Exercise versus Heart Attack: Questioning the Consensus?

By Morris, J. N. | Research Quarterly for Exercise and Sport, June 1996 | Go to article overview

Exercise versus Heart Attack: Questioning the Consensus?


Morris, J. N., Research Quarterly for Exercise and Sport


We, all of us-fellow investigators, practitioners, teachers, and students alike - are indebted to Blair and Connelly (1996) for a model review. Their analysis updates Powell, Thompson, Caspersen, and Kendrick (1987) in its authoritative statement of the position now reached in this heterogeneous field. The findings of our own British studies differ in some respects from what seems to be emerging as the orthodox view. On protection against coronary heart disease (CHD), they do not confirm the benefits of "moderate amounts and intensifies of physical activity" as such. I fancy, therefore, that I can most usefully contribute to this forum by an account of our work and the thinking behind it, now extending over close to half a century.

Throughout this commentary, my concern is restricted to physical activity as possible prevention of the first occurrence of clinical CHD, heart attack, in men of middle and early old age. The multifarious other benefits - physical, psychological, and social - for health (see Bouchard, Shephard, & Stephens, 1994) that do indeed require other exercise prescriptions are not considered here.

I will be dealing essentially with two prospective surveys of men in the executive, middle-management grade of the British civil service. This is a narrow population group, homogeneous in education (subuniversity) and income (modest), of the middle class, engaged in sedentary or physically light office work. The hypothesis we drew from previous occupational studies (Morris & Crawford, 1958; Morris, Heady, Raffle, Roberts, & Parks, 1953) stated simply that the aggregate of physical activity in leisure-time of these men, physically inactive at work, would be related to their incidence of CHD: Those with high totals would suffer less CHD than comparable men with low totals.

Disappointingly, despite exhaustive search, we could find no evidence of this in our survey, launched after much methodological effort, in 1968 of approximately 18,000 men aged 40-64 years. For example, the first 214 coronary cases were compared with 428 closely matched controls. In them, vigorous exercise alone showed the postulated relationship with CHD (Morris et al., 1973; Morris, Everitt, & Semmence, 1987; Morris, Pollard, Everitt, & Chave, 1980). Figure 1 is a sample of findings: There was no association of CHD with total activity scores or with moderate levels of activity. As cases accumulated, eventually over 1,100 first "coronaries," these observations were confirmed. It also became clear that vigorous activity was associated with lower rates of CHD at all ages studied (40-72 years) and in all first clinical presentations: as sudden death, nonfatal or fatal myocardial infarction, angina pectoris, or coronary insufficiency.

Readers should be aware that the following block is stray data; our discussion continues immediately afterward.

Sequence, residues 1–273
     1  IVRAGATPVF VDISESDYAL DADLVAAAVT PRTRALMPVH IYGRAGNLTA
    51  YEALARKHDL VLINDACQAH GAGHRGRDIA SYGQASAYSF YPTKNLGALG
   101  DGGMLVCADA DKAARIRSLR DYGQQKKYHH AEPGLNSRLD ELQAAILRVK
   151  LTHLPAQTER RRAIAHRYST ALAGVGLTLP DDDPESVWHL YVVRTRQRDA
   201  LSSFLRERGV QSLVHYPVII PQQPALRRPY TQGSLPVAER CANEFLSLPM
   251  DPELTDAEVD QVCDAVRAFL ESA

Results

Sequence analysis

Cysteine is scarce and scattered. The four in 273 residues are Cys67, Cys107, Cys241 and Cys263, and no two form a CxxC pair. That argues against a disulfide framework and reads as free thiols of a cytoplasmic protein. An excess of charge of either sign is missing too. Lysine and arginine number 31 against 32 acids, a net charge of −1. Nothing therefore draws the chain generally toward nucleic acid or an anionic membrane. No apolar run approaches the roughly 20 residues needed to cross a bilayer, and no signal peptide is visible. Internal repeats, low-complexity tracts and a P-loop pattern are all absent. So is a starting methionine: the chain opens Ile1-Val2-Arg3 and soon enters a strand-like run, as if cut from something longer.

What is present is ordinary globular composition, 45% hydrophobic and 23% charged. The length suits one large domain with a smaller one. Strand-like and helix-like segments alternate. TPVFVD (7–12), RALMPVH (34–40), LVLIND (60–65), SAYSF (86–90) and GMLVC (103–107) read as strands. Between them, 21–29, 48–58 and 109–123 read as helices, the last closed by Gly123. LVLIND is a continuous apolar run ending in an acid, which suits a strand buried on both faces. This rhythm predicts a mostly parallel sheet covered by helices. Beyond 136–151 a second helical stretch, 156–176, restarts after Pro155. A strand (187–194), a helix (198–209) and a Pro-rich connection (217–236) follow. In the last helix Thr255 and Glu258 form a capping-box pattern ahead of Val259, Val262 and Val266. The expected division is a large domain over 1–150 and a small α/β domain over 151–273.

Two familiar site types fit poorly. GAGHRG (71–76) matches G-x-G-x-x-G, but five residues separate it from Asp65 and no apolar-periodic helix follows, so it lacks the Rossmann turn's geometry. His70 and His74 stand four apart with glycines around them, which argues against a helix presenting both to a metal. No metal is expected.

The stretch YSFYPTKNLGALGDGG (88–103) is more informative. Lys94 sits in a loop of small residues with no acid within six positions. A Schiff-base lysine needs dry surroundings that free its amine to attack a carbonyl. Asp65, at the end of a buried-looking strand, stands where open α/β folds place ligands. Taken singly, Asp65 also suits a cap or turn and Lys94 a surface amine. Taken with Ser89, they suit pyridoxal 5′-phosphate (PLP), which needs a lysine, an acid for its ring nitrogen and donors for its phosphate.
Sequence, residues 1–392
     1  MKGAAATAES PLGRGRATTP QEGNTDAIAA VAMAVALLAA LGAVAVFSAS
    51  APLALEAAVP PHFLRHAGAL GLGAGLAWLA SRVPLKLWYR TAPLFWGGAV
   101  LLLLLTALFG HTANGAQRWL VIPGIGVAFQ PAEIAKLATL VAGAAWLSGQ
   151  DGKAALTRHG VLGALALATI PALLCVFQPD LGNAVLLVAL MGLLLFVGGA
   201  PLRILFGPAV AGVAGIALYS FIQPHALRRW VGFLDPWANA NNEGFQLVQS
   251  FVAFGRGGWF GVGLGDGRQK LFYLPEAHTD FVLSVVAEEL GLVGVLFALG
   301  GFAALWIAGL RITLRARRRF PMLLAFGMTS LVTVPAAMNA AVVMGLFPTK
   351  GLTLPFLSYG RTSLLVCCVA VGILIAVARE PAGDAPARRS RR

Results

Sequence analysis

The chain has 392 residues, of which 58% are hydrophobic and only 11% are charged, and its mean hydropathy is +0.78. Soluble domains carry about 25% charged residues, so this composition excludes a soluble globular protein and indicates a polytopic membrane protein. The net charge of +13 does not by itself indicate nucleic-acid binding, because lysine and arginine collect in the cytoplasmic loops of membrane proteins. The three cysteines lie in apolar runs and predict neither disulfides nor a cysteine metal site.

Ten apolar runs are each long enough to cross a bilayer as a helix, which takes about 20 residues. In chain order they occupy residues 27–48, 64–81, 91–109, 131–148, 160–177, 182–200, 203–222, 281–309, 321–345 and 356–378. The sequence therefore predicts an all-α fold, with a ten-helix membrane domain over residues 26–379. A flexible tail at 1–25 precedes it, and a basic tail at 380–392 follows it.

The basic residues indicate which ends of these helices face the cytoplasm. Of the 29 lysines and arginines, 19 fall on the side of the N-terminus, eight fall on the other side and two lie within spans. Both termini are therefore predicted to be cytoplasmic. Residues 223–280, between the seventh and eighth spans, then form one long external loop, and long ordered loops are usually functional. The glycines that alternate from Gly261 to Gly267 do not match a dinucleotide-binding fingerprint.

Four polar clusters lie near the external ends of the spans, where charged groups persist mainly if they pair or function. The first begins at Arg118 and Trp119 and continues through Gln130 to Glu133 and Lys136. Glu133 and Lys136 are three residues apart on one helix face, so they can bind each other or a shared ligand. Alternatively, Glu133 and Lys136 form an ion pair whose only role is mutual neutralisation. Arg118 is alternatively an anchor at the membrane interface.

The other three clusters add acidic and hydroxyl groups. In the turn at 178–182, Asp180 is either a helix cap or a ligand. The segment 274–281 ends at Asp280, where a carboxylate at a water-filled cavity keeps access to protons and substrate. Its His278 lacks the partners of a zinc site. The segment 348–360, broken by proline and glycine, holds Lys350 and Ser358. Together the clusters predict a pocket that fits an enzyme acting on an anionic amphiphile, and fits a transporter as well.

Vigorous Exercise

Vigorous exercise had been postulated at the outset as that liable to reach peaks of energy expenditure of 7.5 kcal (31.5 kj) per minute and so enough typically to induce and maintain a training, conditioning effect in such men. As we might now say, this was an attempt to combine at the population level both high absolute intensifies of activity and intensifies high enough, on average, relative to the individual fitness levels and requirements of the men. These activities were, of course, the most energetic reported.

As we wrote at the time, our middle-aged participants, occupationally and otherwise settled in their ways, including their exercise (there was much information), "were little given to track-racing, competitive games, cross-country skiing and the other delights of sports physiologists." The commonest vigorous sport in both surveys was swimming, as such scored 6 METs by Ainsworth et al. (1993). Others included tennis, soccer, hockey, mostly coaching and refereeing, hill climbing, and jogging, approximately 7 METs. Vigorous, yes, but scarcely athletic!

A New Survey

A fresh survey, now of 9,400 men aged 45-64 years and again free of diagnosed CHD, was mounted directly to test the new hypothesis and to apply what had so painfully been learned. …

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